The barbaric social engineering experiment has ended. The low birth rate has resulted in an ageing population.
The Catholic Herald:
China has ended its one-child policy after three decades.
The ruling Communist Party has said it will ease family planning restrictions, allowing couples to have two children.
It is thought the one-child policy has prevented about 400million births since it was introduced.
The controversial policy was introduced nationally three decades ago in 1978 with the aim of tackling China’s rapidly growing population.
It faced global criticism when it was brought in, as critics suggested it was an abuse of people’s human rights.
Those who violated the policy faced a range of punishments, from fines to loss of employment or forced abortions.
While the restrictions reduced the country’s birth rate, it has seen a rise in the relative number of elderly people.
Now, amid concerns over China’s ageing population, the party has bowed to activist’s call for change.
The policy had been relaxed in some areas, as sociologists began to raise concerns about rising social costs and falling worker numbers.
The rules were not formally relaxed by the Communist Party until two years ago, when it allowed couples in which at least one of the pair is an only child, and those who had a girl, to have a second.
It’s a composite image… apparently the largest image of space to date.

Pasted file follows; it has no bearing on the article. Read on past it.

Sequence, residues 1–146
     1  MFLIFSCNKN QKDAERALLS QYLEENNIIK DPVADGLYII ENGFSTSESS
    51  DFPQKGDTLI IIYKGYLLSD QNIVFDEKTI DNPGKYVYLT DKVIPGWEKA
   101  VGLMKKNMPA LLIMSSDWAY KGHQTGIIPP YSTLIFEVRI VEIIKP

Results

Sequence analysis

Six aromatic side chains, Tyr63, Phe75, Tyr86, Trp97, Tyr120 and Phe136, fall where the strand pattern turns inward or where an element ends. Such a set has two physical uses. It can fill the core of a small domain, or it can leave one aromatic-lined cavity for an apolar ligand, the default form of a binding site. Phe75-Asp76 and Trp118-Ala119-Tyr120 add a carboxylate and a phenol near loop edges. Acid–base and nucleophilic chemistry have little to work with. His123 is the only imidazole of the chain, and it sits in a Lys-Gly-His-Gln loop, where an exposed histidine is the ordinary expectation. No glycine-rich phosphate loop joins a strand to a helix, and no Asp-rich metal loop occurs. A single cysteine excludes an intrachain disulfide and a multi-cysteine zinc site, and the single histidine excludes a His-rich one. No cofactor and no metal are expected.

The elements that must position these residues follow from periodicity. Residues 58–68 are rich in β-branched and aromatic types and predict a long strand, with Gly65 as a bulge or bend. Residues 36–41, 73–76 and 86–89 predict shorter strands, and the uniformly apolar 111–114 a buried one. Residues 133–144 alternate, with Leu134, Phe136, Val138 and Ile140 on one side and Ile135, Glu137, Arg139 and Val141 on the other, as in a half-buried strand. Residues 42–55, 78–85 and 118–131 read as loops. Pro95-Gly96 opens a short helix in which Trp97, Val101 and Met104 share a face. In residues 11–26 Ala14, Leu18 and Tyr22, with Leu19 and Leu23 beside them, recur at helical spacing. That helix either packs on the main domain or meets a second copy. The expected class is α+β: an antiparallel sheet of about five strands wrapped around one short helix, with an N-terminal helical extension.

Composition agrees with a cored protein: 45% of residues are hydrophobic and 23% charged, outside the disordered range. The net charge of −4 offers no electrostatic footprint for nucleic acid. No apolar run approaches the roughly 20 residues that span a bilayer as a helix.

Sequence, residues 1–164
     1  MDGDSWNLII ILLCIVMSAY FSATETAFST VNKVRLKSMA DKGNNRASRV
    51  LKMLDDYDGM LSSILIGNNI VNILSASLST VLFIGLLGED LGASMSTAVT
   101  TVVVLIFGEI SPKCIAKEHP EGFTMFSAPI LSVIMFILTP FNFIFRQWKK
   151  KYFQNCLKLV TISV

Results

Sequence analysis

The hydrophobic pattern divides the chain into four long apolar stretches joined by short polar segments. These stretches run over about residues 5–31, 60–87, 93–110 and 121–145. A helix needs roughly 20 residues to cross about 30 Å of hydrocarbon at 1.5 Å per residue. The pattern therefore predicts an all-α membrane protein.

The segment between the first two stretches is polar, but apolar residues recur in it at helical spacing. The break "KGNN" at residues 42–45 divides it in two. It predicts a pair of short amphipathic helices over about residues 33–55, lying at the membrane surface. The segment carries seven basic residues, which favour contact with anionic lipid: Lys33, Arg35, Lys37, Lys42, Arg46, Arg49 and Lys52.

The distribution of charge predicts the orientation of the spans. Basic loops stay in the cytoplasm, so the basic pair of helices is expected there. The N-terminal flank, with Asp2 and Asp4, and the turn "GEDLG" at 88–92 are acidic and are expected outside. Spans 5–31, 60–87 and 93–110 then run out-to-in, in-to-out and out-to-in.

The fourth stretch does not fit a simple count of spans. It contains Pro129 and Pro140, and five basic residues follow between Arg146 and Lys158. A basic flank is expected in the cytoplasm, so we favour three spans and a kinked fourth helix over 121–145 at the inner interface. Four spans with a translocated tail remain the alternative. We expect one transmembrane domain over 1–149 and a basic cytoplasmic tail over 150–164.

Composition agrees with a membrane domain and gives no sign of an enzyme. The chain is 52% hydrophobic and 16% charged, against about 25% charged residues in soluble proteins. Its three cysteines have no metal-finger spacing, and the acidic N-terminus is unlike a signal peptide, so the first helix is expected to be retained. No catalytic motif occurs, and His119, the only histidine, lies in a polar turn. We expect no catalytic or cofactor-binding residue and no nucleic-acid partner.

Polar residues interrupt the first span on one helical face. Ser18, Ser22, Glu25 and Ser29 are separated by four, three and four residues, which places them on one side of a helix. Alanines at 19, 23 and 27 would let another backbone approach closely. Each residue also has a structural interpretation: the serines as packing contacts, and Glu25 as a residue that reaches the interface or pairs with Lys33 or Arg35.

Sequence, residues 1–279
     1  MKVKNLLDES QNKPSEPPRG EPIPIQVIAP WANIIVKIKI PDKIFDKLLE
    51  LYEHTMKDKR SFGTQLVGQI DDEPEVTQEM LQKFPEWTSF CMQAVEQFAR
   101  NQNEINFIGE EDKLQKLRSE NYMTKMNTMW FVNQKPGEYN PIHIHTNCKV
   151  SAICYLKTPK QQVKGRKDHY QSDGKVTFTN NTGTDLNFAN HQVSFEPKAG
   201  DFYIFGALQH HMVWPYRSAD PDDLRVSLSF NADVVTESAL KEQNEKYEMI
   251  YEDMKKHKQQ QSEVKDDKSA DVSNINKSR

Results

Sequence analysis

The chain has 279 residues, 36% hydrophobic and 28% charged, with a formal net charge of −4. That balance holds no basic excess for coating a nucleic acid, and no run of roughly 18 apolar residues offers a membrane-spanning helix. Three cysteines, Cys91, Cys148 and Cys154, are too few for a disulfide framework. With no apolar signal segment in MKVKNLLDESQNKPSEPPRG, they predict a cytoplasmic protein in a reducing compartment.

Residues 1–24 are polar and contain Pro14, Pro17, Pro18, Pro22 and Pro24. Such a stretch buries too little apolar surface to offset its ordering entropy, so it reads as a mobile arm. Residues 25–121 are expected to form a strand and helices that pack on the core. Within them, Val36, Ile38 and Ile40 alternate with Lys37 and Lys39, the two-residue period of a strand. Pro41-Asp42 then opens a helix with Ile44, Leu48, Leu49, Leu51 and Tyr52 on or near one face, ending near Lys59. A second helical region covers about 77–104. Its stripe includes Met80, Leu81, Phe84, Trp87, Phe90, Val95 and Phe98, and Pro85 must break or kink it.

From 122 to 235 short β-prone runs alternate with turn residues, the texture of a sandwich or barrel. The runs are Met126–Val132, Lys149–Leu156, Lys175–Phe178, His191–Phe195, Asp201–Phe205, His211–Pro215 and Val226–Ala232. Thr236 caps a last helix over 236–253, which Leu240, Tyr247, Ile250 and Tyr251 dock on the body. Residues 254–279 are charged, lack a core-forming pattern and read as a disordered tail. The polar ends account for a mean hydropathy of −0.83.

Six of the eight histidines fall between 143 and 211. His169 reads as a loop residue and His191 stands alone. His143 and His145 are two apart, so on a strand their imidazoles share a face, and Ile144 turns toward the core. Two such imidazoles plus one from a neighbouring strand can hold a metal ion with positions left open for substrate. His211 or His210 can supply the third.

Source and more on the image here.
This is rather exciting… Discovery has the news:
The King James Bible, the most widely read book in the English language — from which phrases like “a man after his own heart” emerged — is as storied as it is elusive. Now, a historian claims to have found the oldest known draft of the Christian text, written in messy script, in an obscure archive at the University of Cambridge.
The manuscript was hidden among the papers of Samuel Ward, one of the men commissioned by King James I to translate a new version of the Christian text into English in the early 17th century.
Jeffrey Miller, an assistant professor of English at Montclair State University in New Jersey, chanced upon the 400-year-old notebook while doing research on Ward for an essay he’s writing. The Eureka moment came when Miller realized that the notebook contained text from the very book that Ward had been commissioned to help translate. Miller recalled thinking, “Oh my gosh, he’s talking about a book that he had been asked to help translate,” he said. “Then I realized rather he was creating the King James Bible in that moment.”
Describing his discovery in the Times Literary Supplement, Miller said the notebook is not just the earliest draft ever found, but it is also the only surviving draft written in the hand of one of the original translators…
There is more here.